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Bullfinch with a fallen countenance was
about to say to me " This won't do," when
the waiter who ought to wait upon us, left
off keeping us waiting at last. " Waiter,"
said Bullfinch, piteously, "we have been a
long time waiting." The waiter who ought
to wait upon us, laid the blame upon the
waiter who ought not to wait upon us, and
said it was all that waiter's fault.

"We wish," said Bullfinch, much depressed,
"to order a little dinner in an
hour. What can we have?"

"What would you like to have, gentlemen?"

Bullfinch, with extreme mournfulness of
speech and action, and with a forlorn old
fly-blown bill of fare in his hand which the
waiter had given him, and which was a
sort of general manuscript Index to any
Cookery-Book you please, moved the previous

We could have mock-turtle soup, a sole,
curry, and roast duck. Agreed. At this
table by this window. Punctually in an

I had been feigning to look out of this
window; but I had been taking note of the
crumbs on all the tables, the dirty tablecloths,
the stuffy soupy airless atmosphere,
the stale leavings everywhere about, the
deep gloom of the waiter who ought to
wait upon us, and the stomach-ache with
which a lonely traveller at a distant table in
a corner was too evidently afflicted. I now
pointed out to Bullfinch the alarming circumstance
that this traveller had dined.
We hurriedly debated whether, without infringement
of good breeding, we could ask
him to disclose if he had partaken of mock-
turtle, sole, curry, or roast duck? We
decided that the thing could not be politely
done, and that we had set our own stomachs
on a cast, and they must stand the hazard
of the die.

I hold phrenology, within certain limits, to
be true; I am much of the same mind as to
the subtler expressions of the hand; I hold
physiognomy to be infallible; though all
these sciences demand rare qualities in
the student. But I also hold that there
is no more certain index to personal character,
than the condition of a set of casters
is to the character of any hotel. Knowing
and having often tested this theory of mine,
Bullfinch resigned himself to the worst,
when, laying aside any remaining veil of
disguise, I held up before him in succession,
the cloudy oil and furry vinegar,
the clogged cayenne, the dirty salt, the
obscene dregs of soy, and the anchovy
sauce in a flannel waistcoat of decomposition.

We went out to transact our business.
So inspiriting was the relief of passing into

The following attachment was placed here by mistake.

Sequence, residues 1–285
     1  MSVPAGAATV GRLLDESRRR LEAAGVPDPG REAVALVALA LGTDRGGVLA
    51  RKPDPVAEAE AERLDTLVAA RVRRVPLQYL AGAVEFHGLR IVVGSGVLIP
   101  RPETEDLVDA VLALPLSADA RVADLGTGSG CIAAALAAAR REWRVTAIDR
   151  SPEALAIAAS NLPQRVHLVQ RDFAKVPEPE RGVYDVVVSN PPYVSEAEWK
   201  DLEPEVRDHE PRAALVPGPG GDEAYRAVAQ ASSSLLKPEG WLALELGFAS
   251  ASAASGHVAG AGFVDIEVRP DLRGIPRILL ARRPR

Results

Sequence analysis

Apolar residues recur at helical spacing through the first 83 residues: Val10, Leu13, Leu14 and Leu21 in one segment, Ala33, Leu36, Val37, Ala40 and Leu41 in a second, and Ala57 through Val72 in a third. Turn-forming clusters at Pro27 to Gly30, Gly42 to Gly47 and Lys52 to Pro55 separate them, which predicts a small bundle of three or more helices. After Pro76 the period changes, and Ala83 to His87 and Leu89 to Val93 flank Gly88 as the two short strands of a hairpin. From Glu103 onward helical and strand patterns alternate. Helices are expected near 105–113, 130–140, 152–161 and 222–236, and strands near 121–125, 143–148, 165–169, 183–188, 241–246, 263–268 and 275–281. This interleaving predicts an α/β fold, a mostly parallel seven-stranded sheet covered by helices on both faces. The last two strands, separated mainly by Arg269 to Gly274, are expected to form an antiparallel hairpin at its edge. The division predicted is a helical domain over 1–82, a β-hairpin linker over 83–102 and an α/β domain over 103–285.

the clean and windy streets of Namelesston
from the heavy and vapid closeness of the
coffee-room of the Temeraire, that hope
began to revive within us. We began to
consider that perhaps the lonely traveller
had taken physic, or done something injudicious
to bring his complaint on. Bullfinch
remarked that he thought the waiter
who ought to wait upon us, had brightened
a little when suggesting curry; and although
I knew him to have been at that
moment the express image of despair, I
allowed myself to become elevated in
spirits. As we walked by the softly lapping
sea, all the notabilities of Namelesston,
who are for ever going up and down with
the changelessness of the tides, passed to
and fro in procession. Pretty girls on horseback,
and with detested riding-masters;
pretty girls on foot; mature ladies in hats
spectacled, strongminded, and glaring at
the opposite or weaker sex. The Stock
Exchange was strongly represented, Jerusalem
was strongly represented, the bores of
the prosier London clubs were strongly represented.
Fortune hunters of all denominations
were there, from hirsute insolvency
in a curricle, to closely buttoned-
up swindlery in doubtful boots, on the
sharp look-out for any likely young gentleman
disposed to play a game at billiards
round the corner. Masters of languages,
their lessons finished for the day, were going
to their homes out of sight of the sea; mistresses
of accomplishments, carrying small
portfolios, likewise tripped homeward; pairs
of scholastic pupils, two and two, went languidly
along the beach, surveying the face of
the waters as if waiting for some Ark to come
and take them off. Spectres of the George
the Fourth days flitted unsteadily among the
crowd, bearing the outward semblance of
ancient dandies, of every one of whom it
might be said, not that he had one leg in
the grave, or both legs, but that he was
steeped in grave to the summit of his high
shirt-collar, and had nothing real about
him but his bones. Alone stationary in the
midst of all the movement the Namelesston
boatmen leaned against the railings and
yawned, and looked out to sea, or looked at
the moored fishing-boats and at nothing.
Such is the unchanging manner of life with
this nursery of our hardy seamen, and very
dry nurses they are, and always wanting
something to drink. The only two nautical